Writing about Writing: the Idea

You have an idea.

It’s not a complete thought.

It is a little sparkle in the recesses of your mind that keeps bumping it’s way up to the front of the line. The rest of your synapses tell it, no cutsies so it hangs its head in shame and makes its way to the back of the line. Feeling destined to wallow in the darkness of the incomplete and partial trial balloons that you have sent out your entire life.

We all know what those life beta tests are. When you mention to your parents what you would really like to study in college and it gets shut down because who is going to pay all that money to study painting, which would only lead to a job as a waitress. You didn’t need to got college for that. Absolutely not. A degree in something practical is what is important.

Or when you tell your group of girlfriends that you want to travel to the outer reaches of Asia and they laugh and laugh and laugh, because you can’t even walk out of the house without having your hair blown-put just right. How are you going to walk the backroads of the third world?

Lost ideas take their place along with every missed opportunity that ever comes along in life. The cute guy that didn’t wear nice enough clothes, so you didn’t date him- who knows where that might have led; or that job you didn’t take because it was too far away from everyone and everything you had ever known-but it could have been the adventure you needed in life to make you into who you were meant to really be.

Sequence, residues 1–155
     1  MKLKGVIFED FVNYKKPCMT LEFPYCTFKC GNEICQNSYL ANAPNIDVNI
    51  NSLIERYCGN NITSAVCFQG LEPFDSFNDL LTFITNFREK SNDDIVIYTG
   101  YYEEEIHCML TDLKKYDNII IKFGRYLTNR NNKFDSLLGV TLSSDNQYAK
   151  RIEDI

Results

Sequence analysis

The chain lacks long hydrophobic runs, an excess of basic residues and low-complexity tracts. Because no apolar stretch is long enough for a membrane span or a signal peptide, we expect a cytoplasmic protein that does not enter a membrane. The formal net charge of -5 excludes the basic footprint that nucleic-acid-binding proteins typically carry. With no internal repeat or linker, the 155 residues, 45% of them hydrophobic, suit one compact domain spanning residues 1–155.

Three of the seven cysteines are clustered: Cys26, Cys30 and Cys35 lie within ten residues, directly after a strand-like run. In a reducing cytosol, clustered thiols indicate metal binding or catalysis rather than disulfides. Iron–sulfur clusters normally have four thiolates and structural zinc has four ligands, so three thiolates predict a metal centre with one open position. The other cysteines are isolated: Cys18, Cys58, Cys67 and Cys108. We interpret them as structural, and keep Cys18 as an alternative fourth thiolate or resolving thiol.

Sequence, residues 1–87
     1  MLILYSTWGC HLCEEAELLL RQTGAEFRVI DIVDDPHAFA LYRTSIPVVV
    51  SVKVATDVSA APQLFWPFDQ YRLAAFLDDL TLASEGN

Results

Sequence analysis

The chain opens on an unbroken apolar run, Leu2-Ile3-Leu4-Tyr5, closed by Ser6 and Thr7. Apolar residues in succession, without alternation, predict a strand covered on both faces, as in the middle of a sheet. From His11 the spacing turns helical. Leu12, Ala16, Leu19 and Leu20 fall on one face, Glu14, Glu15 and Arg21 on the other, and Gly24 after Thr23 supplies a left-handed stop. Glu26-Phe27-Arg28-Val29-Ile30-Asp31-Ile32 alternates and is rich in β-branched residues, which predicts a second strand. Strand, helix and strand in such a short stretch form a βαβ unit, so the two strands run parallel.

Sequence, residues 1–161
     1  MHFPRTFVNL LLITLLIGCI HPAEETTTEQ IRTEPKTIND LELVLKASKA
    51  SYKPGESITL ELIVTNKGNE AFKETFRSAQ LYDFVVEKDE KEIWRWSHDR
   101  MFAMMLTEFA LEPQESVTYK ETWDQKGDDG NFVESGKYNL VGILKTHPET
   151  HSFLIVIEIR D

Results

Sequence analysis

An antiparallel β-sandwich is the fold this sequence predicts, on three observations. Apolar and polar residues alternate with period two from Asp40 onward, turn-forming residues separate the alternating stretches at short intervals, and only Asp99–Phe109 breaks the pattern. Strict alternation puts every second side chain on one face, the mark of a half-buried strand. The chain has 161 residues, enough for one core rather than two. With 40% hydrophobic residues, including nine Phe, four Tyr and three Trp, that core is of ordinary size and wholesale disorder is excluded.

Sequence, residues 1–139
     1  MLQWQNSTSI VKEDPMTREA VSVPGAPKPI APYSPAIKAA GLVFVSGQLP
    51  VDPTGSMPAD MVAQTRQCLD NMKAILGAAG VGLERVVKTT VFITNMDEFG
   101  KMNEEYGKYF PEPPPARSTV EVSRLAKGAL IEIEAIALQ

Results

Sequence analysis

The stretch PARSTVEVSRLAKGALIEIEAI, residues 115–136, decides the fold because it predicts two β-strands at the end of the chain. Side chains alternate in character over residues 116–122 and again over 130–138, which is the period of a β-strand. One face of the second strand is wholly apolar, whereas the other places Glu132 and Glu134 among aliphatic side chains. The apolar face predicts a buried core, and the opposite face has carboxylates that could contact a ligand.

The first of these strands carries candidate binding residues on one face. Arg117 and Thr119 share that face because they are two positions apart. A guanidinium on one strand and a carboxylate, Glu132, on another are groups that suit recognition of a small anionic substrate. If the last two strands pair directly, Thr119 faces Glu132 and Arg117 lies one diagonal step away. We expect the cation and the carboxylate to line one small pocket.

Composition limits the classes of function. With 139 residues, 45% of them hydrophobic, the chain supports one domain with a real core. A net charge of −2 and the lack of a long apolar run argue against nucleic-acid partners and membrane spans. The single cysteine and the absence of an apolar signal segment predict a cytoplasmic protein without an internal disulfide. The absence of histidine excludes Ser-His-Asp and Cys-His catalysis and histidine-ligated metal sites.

So what keeps it all locked up inside you? What prevents you from trying a new goal or thought or idea? Fear.

Lost ideas, as lost opportunities, can all be chalked up to fear. Fear of the unknown. Fear of an outcome. Fear of failure. But worse, fear of maybe succeeding. Yes, success is something deep down people fear.

We fear success. We fear its requirements. We fear its obligations. We fear that once attained we will then loose it and be less than we were before we started. We fear so many things in life that it holds us back.

So when thinking about a new idea. Something you want to try. Something that is a little outside the box. Go slowly. First the big toe, then the next. Wade quietly into the stream. You don’t have to jump into the ocean and swim with sharks. You can slowly get your feet wet and and enjoy a child-like splash.

Start with a small idea and expand it. Don’t create the entire universe all at once. Pick out which part is most comfortable for you and begin there. Build the room in a home instead of the entire home. Then take the home and place it on a street, in a city, in a country, in a continent…

Use a word to start your idea. What do you enjoy the most? Are you looking for joy or trying to explain sadness? Are you interested in the layers beneath a simple word or are you content with its basic meaning? What are you trying to attain with your idea? What message are you trying to convey?

Then take your fear and use it as leverage. Make it work for you. As you use your writer’s block to your advantage, use your fear in creating your idea. Make it a part of your story. Think about what your protagonist would fear and how that fits into your idea. Engulf yourself in it. Allow yourself to feel that fear and illuminate how your character would  conquer their fear.

How does this all come to fruition?

It’s as simple as seeing a beautiful red rose and smiling. What thoughts does that convey? What hopes and dreams does the rose symbolize? What longings, what loss or what imaginings of times to come? And as your character peels away each petal, they discover something new about themselves, their lives and their worlds. Let this lead you into your story and shape the ideas that find themselves at the end of your synapse line, waiting for you to gather up enough courage to bring them into the light.

rose-blooming

 

 

 

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About Elise "Ronan"

#JeSuisJuif #RenegadeJew... Life-hacks, book reviews, essayist...
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